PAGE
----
Tim and Kelly Hightower own, operate and share the winemaking duties at Hightower Cellars on Red Mountain. With them is their dog Riley. (Richard Duval Images)

Tim and Kelly Hightower own, operate and share the winemaking duties at Hightower Cellars on Red Mountain. With them is their dog Riley. (Richard Duval Images)

Merlot a workhorse grape that merits acclaim in the Northwest

Wines featuring this red Bordeaux vareity are crafted for the cellar and meant to be cherished over time.

Many of the Northwest’s most storied producers used merlot to help establish their reputation both regionally and internationally.

And in many cases, the wines produced featuring this red Bordeaux grape variety are crafted for the cellar and meant to be cherished over time.

During the rise of the modern wine industry in Washington, in particular, merlot has become a workhorse variety. A decade ago, it was the state’s most harvested wine grape.

It now ranks No. 3 in terms of production, trailing only cabernet sauvignon and chardonnay, and remains a favorite of both growers and winemakers. Merlot ripens dependably and early. On famed Red Mountain, merlot vines often are among the first harvested, which makes it a favorite of both growers and winemakers.

In recent years, Washington merlot has made delicious inroads in Texas, where consumers appreciate both its bold structure as a natural complement for well-marbled steak as well as its affordability compared with cabernet sauvignon. Merlot also has become the foundation for many of the Northwest’s most-recognized proprietary red blends.

At this year’s Cascadia International Wine Competition, Merlot ended up being one of the most decorated categories, and below are several of the top-rated merlots, each one having earned a gold medal. Find the full results at www.greatnorthwestwine.com. Ask for these at your favorite wine merchant or order them directly from the winery.

Clearwater Canyon Cellars 2018 Umiker Vineyard Merlot, Lewis-Clark Valley, $28: From Wine Press Northwest magazine’s 2020 Pacific Northwest Winery of the Year, and this merlot serves as another example of the award-winning wines Karl and Coco Umiker are producing from their estate in the Lewis-Clark Valley. Rich dark fruits of cherry and blackberry along with a touch of minerality make for a full-bodied Merlot with a long, palate-caressing finish of velvety tannins.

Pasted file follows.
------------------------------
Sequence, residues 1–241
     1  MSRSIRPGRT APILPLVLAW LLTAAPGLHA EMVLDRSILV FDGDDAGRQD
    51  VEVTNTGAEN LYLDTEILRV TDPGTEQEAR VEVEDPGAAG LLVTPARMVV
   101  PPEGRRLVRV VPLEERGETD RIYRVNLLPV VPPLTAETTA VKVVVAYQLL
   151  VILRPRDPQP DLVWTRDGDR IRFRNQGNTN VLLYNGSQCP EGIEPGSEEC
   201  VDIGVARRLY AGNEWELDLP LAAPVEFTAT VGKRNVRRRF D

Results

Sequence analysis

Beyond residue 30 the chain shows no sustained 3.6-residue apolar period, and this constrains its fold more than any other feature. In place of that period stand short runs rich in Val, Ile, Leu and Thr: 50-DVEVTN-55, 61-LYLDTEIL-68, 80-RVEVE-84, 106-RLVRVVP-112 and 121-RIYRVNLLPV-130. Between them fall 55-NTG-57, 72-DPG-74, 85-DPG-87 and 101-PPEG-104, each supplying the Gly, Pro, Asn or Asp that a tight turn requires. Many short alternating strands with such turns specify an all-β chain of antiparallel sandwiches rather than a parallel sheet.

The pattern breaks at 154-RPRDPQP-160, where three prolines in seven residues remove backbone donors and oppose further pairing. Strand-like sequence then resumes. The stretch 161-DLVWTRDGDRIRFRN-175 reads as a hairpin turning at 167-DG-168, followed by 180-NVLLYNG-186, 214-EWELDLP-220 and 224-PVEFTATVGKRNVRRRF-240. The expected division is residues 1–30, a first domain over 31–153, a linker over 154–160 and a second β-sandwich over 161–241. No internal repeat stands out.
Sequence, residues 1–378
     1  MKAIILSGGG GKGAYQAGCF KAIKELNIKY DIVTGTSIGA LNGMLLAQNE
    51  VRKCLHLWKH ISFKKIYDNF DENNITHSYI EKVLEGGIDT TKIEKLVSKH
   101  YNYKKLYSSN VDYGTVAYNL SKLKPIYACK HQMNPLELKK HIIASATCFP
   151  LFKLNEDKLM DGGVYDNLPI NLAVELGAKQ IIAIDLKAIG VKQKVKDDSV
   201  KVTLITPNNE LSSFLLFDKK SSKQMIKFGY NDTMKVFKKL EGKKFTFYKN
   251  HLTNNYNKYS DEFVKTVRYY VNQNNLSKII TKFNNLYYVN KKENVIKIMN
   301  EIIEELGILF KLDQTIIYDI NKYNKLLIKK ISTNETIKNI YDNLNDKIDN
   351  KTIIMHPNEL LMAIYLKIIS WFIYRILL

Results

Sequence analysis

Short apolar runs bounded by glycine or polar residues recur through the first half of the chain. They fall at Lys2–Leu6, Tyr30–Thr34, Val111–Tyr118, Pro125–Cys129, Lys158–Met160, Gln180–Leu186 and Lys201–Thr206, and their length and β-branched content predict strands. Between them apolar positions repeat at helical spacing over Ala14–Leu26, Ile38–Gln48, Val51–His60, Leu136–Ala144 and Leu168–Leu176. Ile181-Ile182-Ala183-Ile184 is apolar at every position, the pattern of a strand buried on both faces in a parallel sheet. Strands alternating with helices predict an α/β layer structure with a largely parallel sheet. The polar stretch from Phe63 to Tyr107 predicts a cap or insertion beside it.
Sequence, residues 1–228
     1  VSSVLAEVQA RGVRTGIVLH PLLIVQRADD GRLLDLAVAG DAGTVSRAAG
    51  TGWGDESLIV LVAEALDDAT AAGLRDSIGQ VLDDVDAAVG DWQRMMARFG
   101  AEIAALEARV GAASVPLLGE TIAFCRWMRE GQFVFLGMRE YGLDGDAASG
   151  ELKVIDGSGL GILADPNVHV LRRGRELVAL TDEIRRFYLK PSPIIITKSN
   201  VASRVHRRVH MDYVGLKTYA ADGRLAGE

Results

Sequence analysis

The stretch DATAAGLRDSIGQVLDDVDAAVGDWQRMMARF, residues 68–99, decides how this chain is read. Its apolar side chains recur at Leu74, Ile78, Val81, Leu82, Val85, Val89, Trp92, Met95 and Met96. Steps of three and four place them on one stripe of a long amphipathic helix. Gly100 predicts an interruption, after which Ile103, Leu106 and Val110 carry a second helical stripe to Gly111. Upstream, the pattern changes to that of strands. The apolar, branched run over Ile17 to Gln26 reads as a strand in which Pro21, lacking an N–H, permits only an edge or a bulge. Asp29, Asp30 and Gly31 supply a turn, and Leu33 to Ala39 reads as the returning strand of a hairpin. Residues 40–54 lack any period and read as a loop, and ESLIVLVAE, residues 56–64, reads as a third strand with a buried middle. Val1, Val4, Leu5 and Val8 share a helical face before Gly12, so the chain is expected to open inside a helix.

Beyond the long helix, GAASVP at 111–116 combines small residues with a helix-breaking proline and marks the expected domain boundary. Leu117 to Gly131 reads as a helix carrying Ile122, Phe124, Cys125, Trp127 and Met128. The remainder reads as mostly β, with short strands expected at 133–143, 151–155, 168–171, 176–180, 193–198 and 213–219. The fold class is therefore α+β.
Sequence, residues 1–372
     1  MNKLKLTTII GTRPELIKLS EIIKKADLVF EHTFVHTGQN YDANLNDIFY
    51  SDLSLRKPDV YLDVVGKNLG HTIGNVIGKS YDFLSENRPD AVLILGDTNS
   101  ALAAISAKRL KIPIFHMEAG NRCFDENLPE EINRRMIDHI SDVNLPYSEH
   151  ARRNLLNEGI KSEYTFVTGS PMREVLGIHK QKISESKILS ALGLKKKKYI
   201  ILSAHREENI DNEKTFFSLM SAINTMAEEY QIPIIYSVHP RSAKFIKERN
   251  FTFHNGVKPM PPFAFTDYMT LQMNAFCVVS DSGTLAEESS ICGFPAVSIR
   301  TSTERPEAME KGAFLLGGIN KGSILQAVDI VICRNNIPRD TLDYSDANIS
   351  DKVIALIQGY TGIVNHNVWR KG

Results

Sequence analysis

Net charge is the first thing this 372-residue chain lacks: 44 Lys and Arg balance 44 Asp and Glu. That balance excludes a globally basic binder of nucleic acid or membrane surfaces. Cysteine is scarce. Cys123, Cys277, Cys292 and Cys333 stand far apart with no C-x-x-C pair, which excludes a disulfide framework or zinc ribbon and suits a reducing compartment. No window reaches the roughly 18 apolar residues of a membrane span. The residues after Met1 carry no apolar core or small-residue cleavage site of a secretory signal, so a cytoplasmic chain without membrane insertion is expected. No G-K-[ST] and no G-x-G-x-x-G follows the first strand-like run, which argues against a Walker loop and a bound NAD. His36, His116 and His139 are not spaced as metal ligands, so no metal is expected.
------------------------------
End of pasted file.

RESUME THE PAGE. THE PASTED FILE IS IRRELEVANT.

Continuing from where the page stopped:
Hightower Cellars 2017 Merlot, Red Mountain, $30: Year after year, co-winemakers Tim and Kelly Hightower produce some of the Northwest’s most balanced wines. Their use of petit verdot (7%) and cabernet franc (7%) in the blend creates magic. Blackberry, dark cherry and a hint of cedar lead into a full rich palate of more dark fruits and blackberry pie. Abundant and well-integrated tannins make for a long and generous finish.

Orenda Winery 2017 Merlot, Columbia Valley $33: Tucked away in the historic dairy town of Carnation, Orenda Winery reached across the Cascades into the Columbia Valley for the fruit for this merlot. Xander and Samantha Kent opened their young winery just last year, and this merlot was one of three gold medals the Kents received during the Cascadia. Fans of Columbia Valley merlot will find it matches their expectations, offering both floral and herbal aromas on top of black and blue fruit. In the mouth, it’s a fulsome drink of blackberries, dark plum and blueberries that lead to well-managed tannins and a long finish.

Browne Family Vineyards 2017 Merlot, Columbia Valley $35: Walla Walla Valley winemaker John Freeman crafted this merlot from grapes sourced from the Columbia Valley. Black cherry, blueberry and dried herbs fill in the aromas followed by a full and rich structure of dark purple fruits with blueberry skin tannins and chocolate on the finish. Enjoy alongside lamb rubbed with thyme and sage.

Mt. Hood Winery 2016 Dry Hollow Vineyard Reserve Merlot, Columbia Valley, $52: Rich Cushman in Hood River, Oregon, crosses no stateline for this opulent expression of merlot, which he pulled from Dry Hollow Vineyard just upriver in The Dalles. Black cherry, sugar plum and ripe black currant please the aromatic senses. On the palate, you’ll find gobs of blackberry, blueberries and more blackcurrant. The soft oak tannins integrate nicely with the rich dark fruits making for a delightful finish.

Brian Carter Cellars 2016 One Merlot Willard Family Vineyard, Yakima Valley, $85: Brian Carter, who’s built a reputation with blended wines, tapped just one source — Willard Family Vineyard in the Yakima Valley — for this One Merlot project. The result is a 2016 merlot that delivers power and finesse. Black and blue berries in the aromatics opens in the mouth with blackberry and black currant then ends with blueberries and blueberry skin tannins in its long, satisfying finish.

Eric Degerman operates Great Northwest Wine, an award-winning media company. Learn more about wine at www.greatnorthwestwine.com.

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